With the passage of the Higher Education Opportunity Act into law, Pub.L. 110-315, on August 14, 2008, each appropriate Federal financial supervisory agency shall now consider, as a factor in assessing and taking into account the record of a financial institution's CRA compliance, any & all low-cost education loans provided by the financial institution to low-income borrowers. All the affected Federal financial supervisory agencies have one year after the date of enactment to issue rules in final form to implement the change into the Code of Federal Regulations (CFR) according to Title X, Subtitle C, Section 1031 of the Act.

[edit] Proposed regulatory changes

In 2007 Ben Bernanke suggested further increasing the presence of Fannie Mae and Freddie Mac in the affordable housing market to help banks fulfill their CRA obligations by providing them with more opportunities to securitize CRA-related loans.[62]

On February 13, 2008 the United States House Committee on Financial Services held a hearing on the Community Reinvestment Act’s impact on the provision of loans, investments and services to under-served communities and its effectiveness. There were 15 witnesses from government and the private sector.[5]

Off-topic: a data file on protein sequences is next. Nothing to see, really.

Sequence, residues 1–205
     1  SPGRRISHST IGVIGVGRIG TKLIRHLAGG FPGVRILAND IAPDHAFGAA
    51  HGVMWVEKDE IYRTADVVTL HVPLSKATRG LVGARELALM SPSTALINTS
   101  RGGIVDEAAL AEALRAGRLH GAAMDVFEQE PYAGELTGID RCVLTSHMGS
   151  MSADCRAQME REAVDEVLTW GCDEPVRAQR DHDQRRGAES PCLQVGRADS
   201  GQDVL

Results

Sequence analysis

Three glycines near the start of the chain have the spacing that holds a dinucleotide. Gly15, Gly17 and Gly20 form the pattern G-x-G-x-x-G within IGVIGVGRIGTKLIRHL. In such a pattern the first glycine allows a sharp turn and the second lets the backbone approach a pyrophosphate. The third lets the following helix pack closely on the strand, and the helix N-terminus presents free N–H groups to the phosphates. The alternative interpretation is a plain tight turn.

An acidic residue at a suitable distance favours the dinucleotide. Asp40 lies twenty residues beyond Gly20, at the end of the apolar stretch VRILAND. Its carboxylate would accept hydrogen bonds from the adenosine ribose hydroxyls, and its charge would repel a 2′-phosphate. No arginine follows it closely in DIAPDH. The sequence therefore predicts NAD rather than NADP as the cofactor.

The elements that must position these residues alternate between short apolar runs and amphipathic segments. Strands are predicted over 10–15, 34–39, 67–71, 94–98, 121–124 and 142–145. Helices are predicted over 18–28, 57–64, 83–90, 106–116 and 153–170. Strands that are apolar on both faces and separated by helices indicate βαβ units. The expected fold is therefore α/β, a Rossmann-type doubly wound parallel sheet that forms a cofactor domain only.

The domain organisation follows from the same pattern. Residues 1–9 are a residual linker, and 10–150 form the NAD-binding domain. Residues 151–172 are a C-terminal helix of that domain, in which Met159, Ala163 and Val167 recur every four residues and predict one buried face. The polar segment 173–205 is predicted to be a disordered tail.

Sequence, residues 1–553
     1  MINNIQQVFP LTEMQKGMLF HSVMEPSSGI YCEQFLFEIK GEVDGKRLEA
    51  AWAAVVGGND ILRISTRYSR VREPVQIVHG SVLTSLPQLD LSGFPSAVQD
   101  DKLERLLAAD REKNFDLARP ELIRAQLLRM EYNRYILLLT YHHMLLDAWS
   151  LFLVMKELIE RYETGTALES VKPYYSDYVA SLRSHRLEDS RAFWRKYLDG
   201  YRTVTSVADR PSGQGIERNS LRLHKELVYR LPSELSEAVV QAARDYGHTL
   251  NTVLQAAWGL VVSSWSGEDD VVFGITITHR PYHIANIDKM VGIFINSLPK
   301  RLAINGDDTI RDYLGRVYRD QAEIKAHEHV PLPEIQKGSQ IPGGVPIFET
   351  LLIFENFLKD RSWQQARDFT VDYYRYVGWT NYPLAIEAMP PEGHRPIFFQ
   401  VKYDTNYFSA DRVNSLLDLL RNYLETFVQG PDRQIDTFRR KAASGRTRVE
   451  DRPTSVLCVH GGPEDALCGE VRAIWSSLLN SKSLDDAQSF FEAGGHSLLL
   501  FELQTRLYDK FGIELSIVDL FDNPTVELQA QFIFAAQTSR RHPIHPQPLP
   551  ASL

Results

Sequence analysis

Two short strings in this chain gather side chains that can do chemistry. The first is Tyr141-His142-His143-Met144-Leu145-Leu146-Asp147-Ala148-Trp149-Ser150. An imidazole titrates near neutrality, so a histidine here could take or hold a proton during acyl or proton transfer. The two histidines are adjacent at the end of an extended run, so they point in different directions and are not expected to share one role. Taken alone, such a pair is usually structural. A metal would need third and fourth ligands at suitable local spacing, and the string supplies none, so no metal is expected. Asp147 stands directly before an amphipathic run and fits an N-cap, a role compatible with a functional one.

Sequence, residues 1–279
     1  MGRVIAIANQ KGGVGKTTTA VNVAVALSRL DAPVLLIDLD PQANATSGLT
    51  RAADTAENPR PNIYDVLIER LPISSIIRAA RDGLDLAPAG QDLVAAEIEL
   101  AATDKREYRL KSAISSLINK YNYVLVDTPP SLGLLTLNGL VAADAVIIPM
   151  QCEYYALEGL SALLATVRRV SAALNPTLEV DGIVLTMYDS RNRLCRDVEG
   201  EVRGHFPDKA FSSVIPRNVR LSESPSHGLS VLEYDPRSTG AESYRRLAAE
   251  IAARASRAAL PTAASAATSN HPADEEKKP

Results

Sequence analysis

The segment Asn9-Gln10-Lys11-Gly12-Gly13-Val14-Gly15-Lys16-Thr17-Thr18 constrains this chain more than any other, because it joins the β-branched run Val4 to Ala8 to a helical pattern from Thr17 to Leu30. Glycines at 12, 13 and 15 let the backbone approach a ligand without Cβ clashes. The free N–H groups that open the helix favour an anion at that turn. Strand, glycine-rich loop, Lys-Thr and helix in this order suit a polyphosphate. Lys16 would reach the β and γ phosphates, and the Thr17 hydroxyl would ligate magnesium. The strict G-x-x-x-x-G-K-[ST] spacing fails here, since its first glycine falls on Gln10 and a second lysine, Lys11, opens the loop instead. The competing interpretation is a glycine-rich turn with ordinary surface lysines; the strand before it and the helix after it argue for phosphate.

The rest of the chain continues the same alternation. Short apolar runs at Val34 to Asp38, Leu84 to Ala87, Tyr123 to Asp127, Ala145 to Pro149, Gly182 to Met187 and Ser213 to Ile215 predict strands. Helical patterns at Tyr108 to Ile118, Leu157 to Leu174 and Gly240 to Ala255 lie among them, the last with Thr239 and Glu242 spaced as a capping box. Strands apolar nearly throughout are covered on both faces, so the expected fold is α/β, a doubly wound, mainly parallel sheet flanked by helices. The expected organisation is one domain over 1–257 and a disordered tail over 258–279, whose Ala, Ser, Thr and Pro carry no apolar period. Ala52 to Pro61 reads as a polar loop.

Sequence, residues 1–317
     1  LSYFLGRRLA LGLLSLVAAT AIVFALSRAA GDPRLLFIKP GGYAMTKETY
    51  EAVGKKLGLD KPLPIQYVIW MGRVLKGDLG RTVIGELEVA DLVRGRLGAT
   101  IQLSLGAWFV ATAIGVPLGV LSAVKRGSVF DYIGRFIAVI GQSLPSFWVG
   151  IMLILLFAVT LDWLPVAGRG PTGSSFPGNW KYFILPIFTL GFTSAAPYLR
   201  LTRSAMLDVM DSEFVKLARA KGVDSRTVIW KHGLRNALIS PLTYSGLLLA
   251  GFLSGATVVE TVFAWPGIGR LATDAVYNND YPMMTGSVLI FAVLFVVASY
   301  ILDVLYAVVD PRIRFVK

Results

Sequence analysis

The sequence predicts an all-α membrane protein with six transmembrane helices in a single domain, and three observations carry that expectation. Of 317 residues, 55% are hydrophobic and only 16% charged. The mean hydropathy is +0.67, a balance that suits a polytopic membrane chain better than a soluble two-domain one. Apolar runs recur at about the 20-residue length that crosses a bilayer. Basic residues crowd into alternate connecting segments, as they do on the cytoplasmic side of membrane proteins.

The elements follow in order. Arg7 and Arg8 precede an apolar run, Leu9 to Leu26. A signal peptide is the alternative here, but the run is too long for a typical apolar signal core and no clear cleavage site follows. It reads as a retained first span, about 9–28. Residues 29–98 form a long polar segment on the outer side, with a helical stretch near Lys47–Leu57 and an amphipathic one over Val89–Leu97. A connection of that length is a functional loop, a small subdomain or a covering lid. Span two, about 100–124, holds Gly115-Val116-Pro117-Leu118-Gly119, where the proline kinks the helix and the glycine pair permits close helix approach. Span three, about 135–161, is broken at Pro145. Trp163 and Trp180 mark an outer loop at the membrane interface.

On April 15, 2008 an FDIC official told the same committee that the FDIC was exploring offering incentives for banks to offer low-cost alternatives to payday loans. Doing so would allow them favorable consideration under their Community Reinvestment Act responsibilities. It had recently begun a two-year pilot project with an initial group of 31 banks.[63]

In March of 2009, Representative Eddie Bernice Johnson introduced a bill to expand the scope of CRA to include non-bank financial institutions, such as credit unions. [64]

[edit] Controversies and criticisms

The effects of the Community Reinvestment Act on the housing markets are controversial for a number of reasons.

[edit] Effectiveness